IJ Stands Guard Over the Right to A Fresh Start
Jaime Rojas is a dedicated community servant in South Florida. He’s volunteered his time for all kinds of causes, from speaking to teenagers in juvenile detention to preventing animal cruelty. He’s received countless certificates of appreciation for his efforts, including one from a local judge for his work with at-risk youth and one from the Miami Beach City Commission for rescuing drowning swimmers at an unguarded beach.
For years, 41-year-old Jaime dreamed of turning his passion for protecting South Florida’s beachgoers into a career. And in 2019, he achieved that dream when a local municipality hired him as an ocean rescue lifeguard—so long as he could obtain Emergency Medical Technician (EMT) certification from the Florida Department of Health. An EMT certification is an entry-level credential indicating proficiency in basic, non-invasive life support techniques. EMT certification is required in a wide range of jobs.
But the department rejected Jaime in April 2020. Not because he was unqualified: He’d completed the nearly 200 hours of required coursework and passed the exam on his first try. Instead, using a statute authorizing it to deny EMT certification for any felony conviction, the state denied Jaime because of a single criminal conviction for drug distribution way back in 2004. Rather than making its decision based on who Jaime is today—a model citizen, by all accounts—the department denied him solely because of a youthful mistake of nearly 20 years ago.
Unwilling to watch his right to earn an honest living—and his dream job—be washed out to sea, Jaime teamed up with IJ. Prepared to appeal a denial to the highest levels of Florida’s courts, Jaime and IJ submitted a new EMT application this past summer.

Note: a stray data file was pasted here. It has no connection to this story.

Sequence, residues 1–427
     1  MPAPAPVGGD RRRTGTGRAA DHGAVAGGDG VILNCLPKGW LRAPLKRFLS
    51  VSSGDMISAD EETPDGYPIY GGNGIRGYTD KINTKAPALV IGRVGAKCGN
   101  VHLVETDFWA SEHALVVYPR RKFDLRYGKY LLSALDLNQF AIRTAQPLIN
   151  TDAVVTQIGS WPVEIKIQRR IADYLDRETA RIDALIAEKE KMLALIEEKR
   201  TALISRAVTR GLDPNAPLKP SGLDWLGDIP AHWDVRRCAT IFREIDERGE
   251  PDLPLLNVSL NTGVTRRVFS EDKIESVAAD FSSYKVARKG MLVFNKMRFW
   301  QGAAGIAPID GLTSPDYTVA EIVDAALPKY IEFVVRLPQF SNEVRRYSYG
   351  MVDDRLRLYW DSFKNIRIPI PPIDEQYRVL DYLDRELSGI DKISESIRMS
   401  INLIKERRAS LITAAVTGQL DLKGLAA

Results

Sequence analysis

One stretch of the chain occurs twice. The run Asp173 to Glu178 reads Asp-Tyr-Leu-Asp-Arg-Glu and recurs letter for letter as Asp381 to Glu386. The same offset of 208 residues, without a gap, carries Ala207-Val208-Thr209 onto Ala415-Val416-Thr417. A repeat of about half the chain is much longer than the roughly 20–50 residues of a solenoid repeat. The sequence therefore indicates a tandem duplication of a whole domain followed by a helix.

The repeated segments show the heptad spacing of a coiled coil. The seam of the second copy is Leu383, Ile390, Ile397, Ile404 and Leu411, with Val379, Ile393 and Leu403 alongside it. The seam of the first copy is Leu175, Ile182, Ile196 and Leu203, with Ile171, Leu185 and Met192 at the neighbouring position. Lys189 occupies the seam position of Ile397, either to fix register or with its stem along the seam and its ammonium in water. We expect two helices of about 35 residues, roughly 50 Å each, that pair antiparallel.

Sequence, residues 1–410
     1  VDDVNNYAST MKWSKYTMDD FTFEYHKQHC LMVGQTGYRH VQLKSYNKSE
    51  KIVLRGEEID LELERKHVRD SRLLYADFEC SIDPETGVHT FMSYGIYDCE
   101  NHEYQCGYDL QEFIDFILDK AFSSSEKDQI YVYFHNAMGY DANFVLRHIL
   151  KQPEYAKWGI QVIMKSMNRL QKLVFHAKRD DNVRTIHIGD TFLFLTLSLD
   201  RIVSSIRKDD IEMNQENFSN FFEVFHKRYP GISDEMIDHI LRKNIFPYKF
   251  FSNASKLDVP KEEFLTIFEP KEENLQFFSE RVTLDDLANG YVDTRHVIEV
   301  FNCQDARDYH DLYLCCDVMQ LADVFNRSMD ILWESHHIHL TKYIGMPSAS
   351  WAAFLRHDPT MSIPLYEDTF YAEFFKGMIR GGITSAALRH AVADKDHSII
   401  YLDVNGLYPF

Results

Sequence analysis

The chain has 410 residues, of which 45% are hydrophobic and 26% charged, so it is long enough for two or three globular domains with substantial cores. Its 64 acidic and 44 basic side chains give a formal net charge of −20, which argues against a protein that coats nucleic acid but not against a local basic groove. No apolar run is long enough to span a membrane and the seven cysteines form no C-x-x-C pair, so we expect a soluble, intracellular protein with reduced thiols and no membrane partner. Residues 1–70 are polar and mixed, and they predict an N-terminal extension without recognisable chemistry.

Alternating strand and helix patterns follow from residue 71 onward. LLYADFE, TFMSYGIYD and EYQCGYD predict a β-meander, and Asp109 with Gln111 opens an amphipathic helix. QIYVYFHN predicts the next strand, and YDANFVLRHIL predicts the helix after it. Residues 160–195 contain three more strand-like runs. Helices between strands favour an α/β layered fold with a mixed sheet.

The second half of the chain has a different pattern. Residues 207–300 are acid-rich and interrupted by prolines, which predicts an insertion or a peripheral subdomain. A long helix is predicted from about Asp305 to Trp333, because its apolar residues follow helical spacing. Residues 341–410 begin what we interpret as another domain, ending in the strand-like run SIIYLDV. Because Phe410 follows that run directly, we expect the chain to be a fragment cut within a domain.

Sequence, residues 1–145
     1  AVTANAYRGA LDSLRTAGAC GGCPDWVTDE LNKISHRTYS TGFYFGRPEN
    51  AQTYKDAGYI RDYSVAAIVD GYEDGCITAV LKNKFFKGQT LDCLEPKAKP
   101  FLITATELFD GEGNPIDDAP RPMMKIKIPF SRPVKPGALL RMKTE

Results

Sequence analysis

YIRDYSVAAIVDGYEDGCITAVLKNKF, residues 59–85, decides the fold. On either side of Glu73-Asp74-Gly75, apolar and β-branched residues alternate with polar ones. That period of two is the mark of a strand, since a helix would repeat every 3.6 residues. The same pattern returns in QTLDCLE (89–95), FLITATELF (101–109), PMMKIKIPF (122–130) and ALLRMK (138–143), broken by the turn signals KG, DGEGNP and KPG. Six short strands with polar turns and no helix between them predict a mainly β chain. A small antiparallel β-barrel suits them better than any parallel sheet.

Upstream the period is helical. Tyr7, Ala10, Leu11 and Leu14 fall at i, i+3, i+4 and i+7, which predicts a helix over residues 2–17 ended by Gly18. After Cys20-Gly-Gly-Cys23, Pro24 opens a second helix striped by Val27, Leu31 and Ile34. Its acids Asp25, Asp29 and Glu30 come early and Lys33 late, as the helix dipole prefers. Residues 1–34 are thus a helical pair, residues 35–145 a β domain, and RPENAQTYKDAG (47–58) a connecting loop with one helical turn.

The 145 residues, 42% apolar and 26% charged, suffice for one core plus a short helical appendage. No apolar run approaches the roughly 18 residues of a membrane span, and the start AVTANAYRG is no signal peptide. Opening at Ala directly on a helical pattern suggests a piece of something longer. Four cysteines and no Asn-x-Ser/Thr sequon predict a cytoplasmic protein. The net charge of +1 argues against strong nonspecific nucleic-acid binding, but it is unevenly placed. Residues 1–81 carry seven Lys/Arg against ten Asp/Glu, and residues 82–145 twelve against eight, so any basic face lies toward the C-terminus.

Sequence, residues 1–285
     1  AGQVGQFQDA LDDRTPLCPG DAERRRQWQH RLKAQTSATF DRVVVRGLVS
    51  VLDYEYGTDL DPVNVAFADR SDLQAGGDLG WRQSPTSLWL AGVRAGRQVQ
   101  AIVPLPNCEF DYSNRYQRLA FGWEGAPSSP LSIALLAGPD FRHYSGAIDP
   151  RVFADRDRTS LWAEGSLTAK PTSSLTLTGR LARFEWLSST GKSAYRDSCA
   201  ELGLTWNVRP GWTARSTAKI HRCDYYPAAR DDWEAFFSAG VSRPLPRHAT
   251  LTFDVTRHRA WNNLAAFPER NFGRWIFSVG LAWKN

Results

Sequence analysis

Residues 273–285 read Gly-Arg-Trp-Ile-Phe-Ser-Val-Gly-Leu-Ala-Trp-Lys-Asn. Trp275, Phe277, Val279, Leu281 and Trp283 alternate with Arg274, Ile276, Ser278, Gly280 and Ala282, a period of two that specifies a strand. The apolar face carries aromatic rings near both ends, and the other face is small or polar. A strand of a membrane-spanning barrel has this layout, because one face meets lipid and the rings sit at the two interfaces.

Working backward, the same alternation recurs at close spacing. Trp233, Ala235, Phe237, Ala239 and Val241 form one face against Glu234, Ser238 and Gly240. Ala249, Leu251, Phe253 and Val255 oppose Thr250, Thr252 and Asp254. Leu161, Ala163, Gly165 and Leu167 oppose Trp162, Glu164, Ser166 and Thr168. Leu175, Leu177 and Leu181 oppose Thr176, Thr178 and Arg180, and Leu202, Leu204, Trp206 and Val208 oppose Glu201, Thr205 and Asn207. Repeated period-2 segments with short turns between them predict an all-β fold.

That complex, time-consuming effort required compiling nearly 100 pages of documents: court and probation records from decades ago; a state background check; and mounds of evidence of Jaime’s good character, including nine letters of recommendation from co-workers and supervisors. Even then, the state demanded additional forms and records—some so old neither Jaime nor any government agency possessed them anymore. But eventually, rather than face the prospect of protracted litigation against IJ’s army of public interest lawyers, the Department of Health reversed course and granted Jaime his EMT certification. His job was safe.
Although a big win for Jaime, it shouldn’t have taken a battalion of lawyers for someone with a minor criminal record to exercise his right to earn an honest living. Indeed, Florida earned a woeful D+—in the bottom third of all states—in Barred from Working, IJ’s nationwide survey of legal barriers people with criminal records face in obtaining occupational licenses.
So IJ’s fight in Florida isn’t over. Regular Liberty & Law readers will remember that IJ’s first “fresh start” lawsuit, on behalf of aspiring cosmetologists in Pennsylvania, inspired the state legislature there to repeal “good moral character” requirements across dozens of occupational licenses. Now IJ is publicizing Jaime’s story to advocate for broad legislative change in the Sunshine State, too—to ensure nobody else is denied the fresh start they deserve.
Michael Greenberg is an IJ Law & Liberty Fellow.
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